Capricornu Antelope Horns is a low growing milkweed with yellow and green flowers. Just like Spider Milkweed, this species breaks dormancy in early spring and is therefore a key host plant for spring migrant monarch butterflies making their way north from Mexico. If you’re looking for a smaller milkweed to place in your garden, Capricornu Antelope Horns is a great choice.
- Common names: Capricornu Antelope Horns, Capricornu Antelopehorns
- Latin name: Asclepias asperula ssp. capricornu
- Quantity of seeds per packet: 50
- Monarch butterfly host plant
- Yellow and green flowers
- Native to the southwestern United States
- Hardy perennial
- 12" - 24" tall
- Full sun
- Blooms from March until July
- Cold hardy in USDA zones 3 - 11
Growing Instructions: Start Capricornu Antelope Horns seeds outdoors in late November. Pick a location with full sun and prepare soil for good drainage, if needed. Plant seeds 1/8" deep and 18” apart, using 3 seeds per hole. Water once, and then allow the winter rain and/or snow to provide moisture until the spring. The seeds will germinate 10 - 20 days after the danger of nighttime freezing has past. Once the seedlings reach 1", thin out so you have individual plants spaced 18” apart. Water regularly allowing the soil to go nearly dry between each watering. Fertilize monthly in the summer with a general purpose fertilizer. If you prefer to plant the seeds outdoors in the spring, read our detailed instructions on cold moist stratification.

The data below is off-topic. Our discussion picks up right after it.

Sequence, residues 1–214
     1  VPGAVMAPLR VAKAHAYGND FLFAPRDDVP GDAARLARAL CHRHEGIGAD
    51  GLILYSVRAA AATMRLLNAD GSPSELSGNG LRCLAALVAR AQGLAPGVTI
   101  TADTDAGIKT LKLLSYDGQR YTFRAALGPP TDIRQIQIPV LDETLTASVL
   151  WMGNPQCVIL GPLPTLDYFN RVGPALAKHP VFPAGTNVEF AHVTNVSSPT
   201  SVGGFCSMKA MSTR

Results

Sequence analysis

Capricornu Antelope Horns Range Map:
Map ©: Kartesz, J.T. 2013. Floristic Synthesis of North America, Version 1.0. Biota of North America Program (BONAP).
Capricornu Antelope Horns is native to the following states: Arizona, Kansas, Nebraska, New Mexico, Oklahoma, Texas